Agencies and false self-employment

On the back of the Autumn Statement, HMRC has issued a consultation to establish agencies (the first in the chain) as responsible for the worker’s tax and national insurance contributions, in a bid to end false self-employment.

Will this get traction? Well I think so.

Reading through the consultation document, the intent is clear. While this will heap yet more administration onto agencies it will provide HMRC with a clear understanding of who is contracting and using which model – for the very first time.

The mechanics of it are now becoming clear – the agency will have to submit a quarterly return, similar to RTI submissions. This will identify who is doing what. HMRC can then put together a summary of each provider and investigate those models promoting 85/90% returns. About time too!

What is good and encouraging is that PSCs and Umbrellas are clearly outside this scope and workers using these models will not be targeted.

So for agencies, having a PSL of compliant providers becomes even more important, especially as HMRC is looking to “transfer” any HMRC debt to the agencies should the providers not cough up…

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Thompson v Paymaster

A recent employment tribunal found that six workers paid by the now gone bust Paymaster were not in fact considered to be the umbrella company’s employees.

Clearly this immediately raises questions in relation to the treatment of workers employed through umbrella companies, but before we all get carried away, we should understand some of the facts behind the case and why the judge took that decision.

Firstly the umbrella company in question operated a “pay day by pay day” model, offering no employment in between pay days and therefore no ongoing employment rights.

This is not how compliant umbrella companies work and I can only assume it is one of the reasons that Paymaster ceased to trade.

Secondly the six workers, who were owed payment when Paymaster went into receivership, were not represented and were asking the tribunal judge to ask the secretary of state to pay the unpaid remuneration, in line with Section 182 of the Employment Rights Act. Under normal employment this would be the case, however, due to there being no control through obligation on either party, the judge ruled that they were not in fact employees.

So how can agencies ensure that their umbrellas are compliant once again? Unfortunately it comes down to understanding the umbrella’s actual model and asking for clarity. Additionally, an umbrella which is a member of a professional body such as Professional Passport would be audited to ensure that they do employ workers compliantly.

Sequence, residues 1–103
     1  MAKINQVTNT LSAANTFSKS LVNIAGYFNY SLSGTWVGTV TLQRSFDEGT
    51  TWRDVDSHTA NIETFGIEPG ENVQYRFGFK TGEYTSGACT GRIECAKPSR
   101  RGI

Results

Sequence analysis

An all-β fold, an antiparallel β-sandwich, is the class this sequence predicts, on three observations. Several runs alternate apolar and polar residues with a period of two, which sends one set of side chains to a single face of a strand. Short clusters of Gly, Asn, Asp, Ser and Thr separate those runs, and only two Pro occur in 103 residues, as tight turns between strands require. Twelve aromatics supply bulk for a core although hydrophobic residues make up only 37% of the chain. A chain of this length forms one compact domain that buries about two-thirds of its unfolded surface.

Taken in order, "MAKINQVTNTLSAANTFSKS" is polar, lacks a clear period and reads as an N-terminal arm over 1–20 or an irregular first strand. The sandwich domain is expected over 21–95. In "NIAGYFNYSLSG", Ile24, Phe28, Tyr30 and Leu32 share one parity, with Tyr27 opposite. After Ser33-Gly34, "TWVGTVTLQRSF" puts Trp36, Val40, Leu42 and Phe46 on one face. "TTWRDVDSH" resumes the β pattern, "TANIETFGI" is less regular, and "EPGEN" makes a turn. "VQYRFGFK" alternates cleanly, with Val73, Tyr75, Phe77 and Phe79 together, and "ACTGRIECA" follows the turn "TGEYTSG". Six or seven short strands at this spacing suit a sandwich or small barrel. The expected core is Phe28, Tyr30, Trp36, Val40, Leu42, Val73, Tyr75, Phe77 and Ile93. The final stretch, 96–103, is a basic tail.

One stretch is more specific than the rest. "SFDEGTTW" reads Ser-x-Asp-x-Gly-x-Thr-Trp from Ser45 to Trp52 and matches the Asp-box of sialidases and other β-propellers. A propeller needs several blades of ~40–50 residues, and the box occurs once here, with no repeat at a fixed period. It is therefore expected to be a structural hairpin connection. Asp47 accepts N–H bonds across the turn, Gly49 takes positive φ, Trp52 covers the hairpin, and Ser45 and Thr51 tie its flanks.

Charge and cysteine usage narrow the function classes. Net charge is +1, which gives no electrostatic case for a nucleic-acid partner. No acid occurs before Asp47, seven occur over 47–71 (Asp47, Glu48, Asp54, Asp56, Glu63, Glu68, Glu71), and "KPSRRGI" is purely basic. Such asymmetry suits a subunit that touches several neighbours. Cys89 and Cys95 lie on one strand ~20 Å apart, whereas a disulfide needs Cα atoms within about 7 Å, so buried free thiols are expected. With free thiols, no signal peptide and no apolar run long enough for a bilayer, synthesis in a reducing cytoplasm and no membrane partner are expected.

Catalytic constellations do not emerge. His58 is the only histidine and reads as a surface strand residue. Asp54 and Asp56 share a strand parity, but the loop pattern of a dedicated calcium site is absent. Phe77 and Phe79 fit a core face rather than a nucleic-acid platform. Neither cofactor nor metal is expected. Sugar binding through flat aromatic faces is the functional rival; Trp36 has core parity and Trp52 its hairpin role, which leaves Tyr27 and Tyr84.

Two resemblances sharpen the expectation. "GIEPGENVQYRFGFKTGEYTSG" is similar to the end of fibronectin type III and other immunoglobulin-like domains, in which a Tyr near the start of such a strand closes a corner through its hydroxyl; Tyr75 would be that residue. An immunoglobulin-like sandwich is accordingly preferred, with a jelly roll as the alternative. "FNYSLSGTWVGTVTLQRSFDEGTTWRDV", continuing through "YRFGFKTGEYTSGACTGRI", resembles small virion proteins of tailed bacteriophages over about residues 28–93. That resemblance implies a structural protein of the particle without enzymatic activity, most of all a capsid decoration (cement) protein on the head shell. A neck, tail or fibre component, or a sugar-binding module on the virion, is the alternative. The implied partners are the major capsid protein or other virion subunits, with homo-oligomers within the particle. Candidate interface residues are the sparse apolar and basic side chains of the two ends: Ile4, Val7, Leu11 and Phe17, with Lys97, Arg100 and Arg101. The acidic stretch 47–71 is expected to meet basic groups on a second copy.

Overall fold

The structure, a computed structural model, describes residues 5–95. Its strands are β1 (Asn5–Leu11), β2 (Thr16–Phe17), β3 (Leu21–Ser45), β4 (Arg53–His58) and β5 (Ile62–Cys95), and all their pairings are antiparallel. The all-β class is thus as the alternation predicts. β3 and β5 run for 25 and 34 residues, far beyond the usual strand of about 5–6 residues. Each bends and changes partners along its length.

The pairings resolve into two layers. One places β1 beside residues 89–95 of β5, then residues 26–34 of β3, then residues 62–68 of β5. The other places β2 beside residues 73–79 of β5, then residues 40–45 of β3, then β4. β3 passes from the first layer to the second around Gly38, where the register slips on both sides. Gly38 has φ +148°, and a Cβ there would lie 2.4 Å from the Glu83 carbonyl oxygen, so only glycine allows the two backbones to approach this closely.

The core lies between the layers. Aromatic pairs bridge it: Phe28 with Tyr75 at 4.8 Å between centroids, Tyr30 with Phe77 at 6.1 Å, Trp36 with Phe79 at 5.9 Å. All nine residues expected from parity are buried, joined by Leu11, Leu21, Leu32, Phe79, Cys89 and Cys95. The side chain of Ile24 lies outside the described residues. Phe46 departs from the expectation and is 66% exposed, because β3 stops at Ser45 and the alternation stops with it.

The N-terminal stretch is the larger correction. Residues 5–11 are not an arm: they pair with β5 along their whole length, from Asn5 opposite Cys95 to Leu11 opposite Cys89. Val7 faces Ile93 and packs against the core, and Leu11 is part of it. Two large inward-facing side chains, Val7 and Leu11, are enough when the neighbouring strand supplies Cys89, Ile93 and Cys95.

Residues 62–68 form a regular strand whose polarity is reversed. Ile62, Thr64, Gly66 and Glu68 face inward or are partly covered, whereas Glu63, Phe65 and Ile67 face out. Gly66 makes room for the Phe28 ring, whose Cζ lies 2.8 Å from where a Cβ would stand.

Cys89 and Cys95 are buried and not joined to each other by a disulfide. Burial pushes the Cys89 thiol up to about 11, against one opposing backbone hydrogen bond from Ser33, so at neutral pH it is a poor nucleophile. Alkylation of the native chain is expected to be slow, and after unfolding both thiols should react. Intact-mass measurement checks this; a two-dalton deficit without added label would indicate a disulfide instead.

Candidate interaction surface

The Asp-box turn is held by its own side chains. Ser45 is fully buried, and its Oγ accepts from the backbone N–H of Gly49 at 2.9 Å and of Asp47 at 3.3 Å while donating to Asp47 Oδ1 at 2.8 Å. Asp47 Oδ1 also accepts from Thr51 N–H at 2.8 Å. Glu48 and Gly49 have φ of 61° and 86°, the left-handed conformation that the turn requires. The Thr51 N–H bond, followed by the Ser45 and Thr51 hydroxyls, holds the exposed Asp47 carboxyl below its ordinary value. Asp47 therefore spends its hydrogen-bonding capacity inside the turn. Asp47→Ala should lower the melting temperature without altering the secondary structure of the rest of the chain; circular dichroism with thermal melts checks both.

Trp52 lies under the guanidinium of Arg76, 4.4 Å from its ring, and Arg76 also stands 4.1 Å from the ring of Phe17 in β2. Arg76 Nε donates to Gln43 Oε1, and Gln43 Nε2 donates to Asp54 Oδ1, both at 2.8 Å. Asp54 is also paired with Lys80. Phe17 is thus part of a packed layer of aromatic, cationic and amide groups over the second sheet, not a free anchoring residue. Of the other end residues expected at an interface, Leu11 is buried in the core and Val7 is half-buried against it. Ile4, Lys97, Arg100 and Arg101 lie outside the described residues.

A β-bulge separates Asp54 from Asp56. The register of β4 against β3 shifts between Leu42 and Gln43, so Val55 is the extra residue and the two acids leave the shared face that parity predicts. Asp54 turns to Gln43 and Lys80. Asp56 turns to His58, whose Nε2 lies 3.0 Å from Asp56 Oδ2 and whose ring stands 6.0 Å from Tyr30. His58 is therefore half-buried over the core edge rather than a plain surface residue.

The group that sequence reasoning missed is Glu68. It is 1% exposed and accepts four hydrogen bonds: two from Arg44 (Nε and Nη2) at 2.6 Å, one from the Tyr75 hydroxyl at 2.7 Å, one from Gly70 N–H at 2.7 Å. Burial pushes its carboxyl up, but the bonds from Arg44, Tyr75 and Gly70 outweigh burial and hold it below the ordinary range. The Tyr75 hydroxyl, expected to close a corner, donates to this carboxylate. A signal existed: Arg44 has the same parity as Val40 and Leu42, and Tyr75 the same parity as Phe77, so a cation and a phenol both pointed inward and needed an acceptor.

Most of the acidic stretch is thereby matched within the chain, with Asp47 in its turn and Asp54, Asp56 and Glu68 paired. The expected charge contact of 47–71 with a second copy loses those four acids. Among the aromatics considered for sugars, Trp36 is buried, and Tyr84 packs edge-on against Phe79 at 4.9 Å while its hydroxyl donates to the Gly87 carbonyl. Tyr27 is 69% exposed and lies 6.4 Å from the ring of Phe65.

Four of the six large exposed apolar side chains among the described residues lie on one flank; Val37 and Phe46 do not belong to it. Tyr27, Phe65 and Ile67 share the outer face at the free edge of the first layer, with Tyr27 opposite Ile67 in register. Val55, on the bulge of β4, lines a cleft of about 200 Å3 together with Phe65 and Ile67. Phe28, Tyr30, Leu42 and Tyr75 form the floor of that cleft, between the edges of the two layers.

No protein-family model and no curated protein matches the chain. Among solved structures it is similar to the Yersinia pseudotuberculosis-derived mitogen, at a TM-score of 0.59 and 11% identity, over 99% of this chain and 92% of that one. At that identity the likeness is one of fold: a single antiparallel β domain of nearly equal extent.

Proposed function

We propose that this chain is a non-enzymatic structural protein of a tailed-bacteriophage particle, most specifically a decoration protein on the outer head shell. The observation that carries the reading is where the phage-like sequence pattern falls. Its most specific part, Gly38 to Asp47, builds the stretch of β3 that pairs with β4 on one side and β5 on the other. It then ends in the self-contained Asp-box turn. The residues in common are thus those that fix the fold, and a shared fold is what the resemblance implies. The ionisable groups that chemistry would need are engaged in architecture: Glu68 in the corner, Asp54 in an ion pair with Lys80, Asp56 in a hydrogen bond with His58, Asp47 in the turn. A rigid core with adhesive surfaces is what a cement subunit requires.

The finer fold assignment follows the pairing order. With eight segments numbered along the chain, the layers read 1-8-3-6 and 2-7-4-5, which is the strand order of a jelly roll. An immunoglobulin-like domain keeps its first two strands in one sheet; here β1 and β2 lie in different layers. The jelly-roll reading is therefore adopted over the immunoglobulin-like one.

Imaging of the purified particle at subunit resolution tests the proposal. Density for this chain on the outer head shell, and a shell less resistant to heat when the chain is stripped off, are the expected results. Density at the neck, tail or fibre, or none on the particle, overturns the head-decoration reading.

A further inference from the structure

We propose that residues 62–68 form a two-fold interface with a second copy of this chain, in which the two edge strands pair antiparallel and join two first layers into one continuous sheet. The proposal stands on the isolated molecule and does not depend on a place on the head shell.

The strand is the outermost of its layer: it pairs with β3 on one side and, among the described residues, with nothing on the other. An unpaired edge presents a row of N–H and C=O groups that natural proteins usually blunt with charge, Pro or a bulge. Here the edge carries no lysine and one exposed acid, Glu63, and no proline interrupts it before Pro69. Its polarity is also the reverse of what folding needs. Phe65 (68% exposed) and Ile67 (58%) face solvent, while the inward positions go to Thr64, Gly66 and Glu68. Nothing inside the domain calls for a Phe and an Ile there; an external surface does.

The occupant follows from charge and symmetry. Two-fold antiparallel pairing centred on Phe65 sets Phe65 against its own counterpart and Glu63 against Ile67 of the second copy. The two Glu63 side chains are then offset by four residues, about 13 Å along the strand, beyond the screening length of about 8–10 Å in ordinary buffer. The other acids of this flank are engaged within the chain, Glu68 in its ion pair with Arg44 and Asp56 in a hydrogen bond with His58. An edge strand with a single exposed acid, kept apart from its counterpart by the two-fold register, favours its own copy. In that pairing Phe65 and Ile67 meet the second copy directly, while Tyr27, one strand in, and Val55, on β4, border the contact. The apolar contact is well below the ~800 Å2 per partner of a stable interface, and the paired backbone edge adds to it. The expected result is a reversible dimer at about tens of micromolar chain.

Within my companies – Atlantic Umbrella and Crystal Umbrella – we take the employment of contractors seriously. We have an in-house HR department and provide all employment rights regardless of whether the worker is on assignment or between and therefore working under mutual obligation and a truly overarching agreement.

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Pension auto-enrolment dates in discussion. Are you ready?

The Department of Work and Pensions is now revising its consultation on pension auto-enrolment.

From 6 September until 17 October, it will be looking at the earning thresholds at which employers will need to enrol their staff. With the first round of enrolment due to kick off next month, it’s interesting to see the rest of the dates still in discussion.

Initially it was planned that all companies would auto-enrol at the same time. Now it will be phased in over a few years, dependent on company size, which is a good indication that the consultation process is working and that government is listening.

As of October, employers with 10,000 or more staff will be obliged to enrol all workers who meet the age and earnings criteria into a workplace pension, and this will need to be completed by March 2013. The thresholds currently being discussed determine who contributes and how much this will be. When this was originally introduced as an idea, the plan was to ask for contributions of 11%. This is expected to ramp up after the consultation.

The date for companies with 250 staff is still being discussed, and they will get their date in 2013/14.

For most umbrella companies, the auto-enrolment date will be next year, but it’s best to be prepared now. Thinking about how this impacts umbrella and contract workers is interesting, and our initial thoughts would be that the majority of our staff will opt out, rather than suffer the full brunt of the cost, choosing private pension schemes instead.

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Illegal employment: who vets your staff?

This week 20 Tesco workers were arrested for breaching the conditions of their visas at one of the company’s dot com buildings in Croydon. Now facing fines of up to £10,000 per worker and further investigations, the case highlights an important issue that many companies face.

Whose responsibility is it to vet workers? Does it lie with the agency, the payroll provider, or the end client that they’ll be performing the work for?

I often speak with clients to find out whether they know their workers; whether they are directly employed or placed through agencies as temporary cover. Sometimes the situation could be so complex that the agency that placed them used an intermediary to find the worker, then a provider for payroll and the vetting of staff as the end client or ultimate hirer.

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